BY No Author | October 22 2010 | comments icon 0 COMMENTS     print icon print


Peter Robinson’s attack on religious education criticised by Irish bishop

A northern Irish bishop has reacted critically to First Minister Peter Robinson’s call for an end to British state funding for church schools.

Bishop Donal McKeown (above left), auxiliary bishop of Down and Connor and chairman of the Northern Ireland Commission for Catholic Education, was responding to the First Minister’s call for a carefully planned 10-year transition to a general integrated education system in Northern Ireland.

Mr Robinson (above right) described the current system of education as a benign but damaging ‘form of apartheid.’

“I don’t in any way object to churches providing and funding schools for those who choose to use them,” Mr Robinson said at a speech to mark the installation of Vivienne McCoy as Mayor of Castlereagh Borough Council last week.

“What I do object to is the state providing and funding church schools.”

Bishop McKeown, however, said that the continuing educational debate required ‘recognition of the fundamental right of parents in the choice of faith-based education for their child.’

This was a key principle, which recognised the right of parents, and was guaranteed by the European Convention for Human Rights.

“It is also the hallmark of a stable and pluralist society, such as exists in Ireland and Britain, and which finds expression in the provision of state-funded faith-based schools,” he said.

“It is worth pointing out that parents who choose faith-based schools for their children, pay taxes toward the provision of that education. The Catholic Church has also contributed substantial funding and resources for the provision of Catholic schools over generations, and this has ultimately saved the taxpayer money.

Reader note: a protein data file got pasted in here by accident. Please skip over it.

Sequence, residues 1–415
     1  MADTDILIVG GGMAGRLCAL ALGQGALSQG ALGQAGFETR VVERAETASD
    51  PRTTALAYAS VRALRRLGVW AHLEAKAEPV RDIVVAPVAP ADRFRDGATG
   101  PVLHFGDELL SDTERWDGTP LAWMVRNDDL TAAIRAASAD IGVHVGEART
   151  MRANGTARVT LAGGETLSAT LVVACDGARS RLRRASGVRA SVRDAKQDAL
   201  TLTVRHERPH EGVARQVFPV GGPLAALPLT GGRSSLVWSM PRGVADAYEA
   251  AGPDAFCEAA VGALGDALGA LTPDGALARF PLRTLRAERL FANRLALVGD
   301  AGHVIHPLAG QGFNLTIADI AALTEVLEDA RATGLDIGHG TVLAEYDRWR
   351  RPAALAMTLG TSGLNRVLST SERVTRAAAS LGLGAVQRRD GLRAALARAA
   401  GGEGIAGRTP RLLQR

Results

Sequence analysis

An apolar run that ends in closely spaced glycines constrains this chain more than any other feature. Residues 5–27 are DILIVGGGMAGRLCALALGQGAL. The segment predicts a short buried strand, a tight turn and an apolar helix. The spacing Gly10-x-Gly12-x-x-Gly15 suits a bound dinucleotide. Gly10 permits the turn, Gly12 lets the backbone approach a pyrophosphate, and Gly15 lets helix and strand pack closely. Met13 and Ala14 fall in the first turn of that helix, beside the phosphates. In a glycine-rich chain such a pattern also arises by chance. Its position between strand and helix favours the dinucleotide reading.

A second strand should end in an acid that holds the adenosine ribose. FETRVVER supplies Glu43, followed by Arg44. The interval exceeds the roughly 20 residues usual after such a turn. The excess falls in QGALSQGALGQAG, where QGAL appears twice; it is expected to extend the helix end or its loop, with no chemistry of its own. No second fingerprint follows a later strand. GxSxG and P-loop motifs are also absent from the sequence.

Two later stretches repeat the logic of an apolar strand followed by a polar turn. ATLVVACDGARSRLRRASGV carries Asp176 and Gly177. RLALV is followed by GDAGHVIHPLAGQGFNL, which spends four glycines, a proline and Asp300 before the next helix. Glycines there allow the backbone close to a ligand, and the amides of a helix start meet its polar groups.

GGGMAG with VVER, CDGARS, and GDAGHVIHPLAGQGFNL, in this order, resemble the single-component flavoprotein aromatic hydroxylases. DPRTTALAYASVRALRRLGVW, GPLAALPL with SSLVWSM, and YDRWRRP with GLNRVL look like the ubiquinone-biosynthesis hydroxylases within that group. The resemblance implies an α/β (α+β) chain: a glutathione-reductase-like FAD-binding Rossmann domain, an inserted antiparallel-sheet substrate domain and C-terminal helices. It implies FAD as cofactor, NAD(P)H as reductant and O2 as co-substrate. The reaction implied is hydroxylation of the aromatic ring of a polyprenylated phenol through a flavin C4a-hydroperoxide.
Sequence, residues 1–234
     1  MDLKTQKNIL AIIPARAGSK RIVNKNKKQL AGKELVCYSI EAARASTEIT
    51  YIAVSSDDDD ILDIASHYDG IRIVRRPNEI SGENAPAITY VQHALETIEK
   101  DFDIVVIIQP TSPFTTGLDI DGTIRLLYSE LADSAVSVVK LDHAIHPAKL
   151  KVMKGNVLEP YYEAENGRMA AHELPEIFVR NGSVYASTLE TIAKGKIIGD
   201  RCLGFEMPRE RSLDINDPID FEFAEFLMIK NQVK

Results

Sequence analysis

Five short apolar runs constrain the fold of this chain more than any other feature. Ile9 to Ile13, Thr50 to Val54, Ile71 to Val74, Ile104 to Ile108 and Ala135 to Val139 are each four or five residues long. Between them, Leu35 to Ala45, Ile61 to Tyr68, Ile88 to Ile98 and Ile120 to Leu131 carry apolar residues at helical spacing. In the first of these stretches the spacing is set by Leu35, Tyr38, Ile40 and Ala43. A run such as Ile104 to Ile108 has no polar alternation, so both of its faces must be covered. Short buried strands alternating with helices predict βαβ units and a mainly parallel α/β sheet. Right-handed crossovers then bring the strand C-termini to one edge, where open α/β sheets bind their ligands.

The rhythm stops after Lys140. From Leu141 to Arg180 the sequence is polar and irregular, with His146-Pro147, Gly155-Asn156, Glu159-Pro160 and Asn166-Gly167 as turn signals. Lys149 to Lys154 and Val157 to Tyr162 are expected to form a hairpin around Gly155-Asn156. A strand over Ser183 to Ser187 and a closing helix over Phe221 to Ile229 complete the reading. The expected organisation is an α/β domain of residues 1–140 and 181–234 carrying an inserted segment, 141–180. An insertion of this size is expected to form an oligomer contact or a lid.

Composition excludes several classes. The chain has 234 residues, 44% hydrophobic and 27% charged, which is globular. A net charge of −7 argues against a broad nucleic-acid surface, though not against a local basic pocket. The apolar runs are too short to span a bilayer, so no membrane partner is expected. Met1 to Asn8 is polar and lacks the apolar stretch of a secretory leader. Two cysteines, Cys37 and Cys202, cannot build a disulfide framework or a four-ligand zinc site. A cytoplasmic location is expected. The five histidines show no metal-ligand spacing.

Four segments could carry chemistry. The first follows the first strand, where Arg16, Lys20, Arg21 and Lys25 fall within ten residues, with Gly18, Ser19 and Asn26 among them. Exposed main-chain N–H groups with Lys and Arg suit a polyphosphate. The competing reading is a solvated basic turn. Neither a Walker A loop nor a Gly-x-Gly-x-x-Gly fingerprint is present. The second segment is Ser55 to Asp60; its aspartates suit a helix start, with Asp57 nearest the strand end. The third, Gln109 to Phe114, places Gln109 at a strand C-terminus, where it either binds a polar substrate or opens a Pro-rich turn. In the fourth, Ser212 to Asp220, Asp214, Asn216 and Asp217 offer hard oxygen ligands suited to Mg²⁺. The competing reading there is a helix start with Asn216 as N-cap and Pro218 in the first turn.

“Long experience across this island, North and South, shows that Catholic schools are committed to welcoming pupils of all backgrounds and to building a cohesive society in the service of the common good.”

Sinn Féin Assembly member John O’Dowd said Mr Robinson’s comments on education were ‘little more than a thinly disguised sectarian attack on Catholic education, parents and children.’

Donal Flanagan, the head of the Council for Catholic Maintained Schools also questioned the timing and motivation behind Mr Robinson’s comments. “What I would say is, if Peter Robinson wants an open, honest and inclusive debate on the future of education in Northern Ireland then why would he choose a platform at the installation of a DUP mayor to launch this?” Mr Flanagan said.

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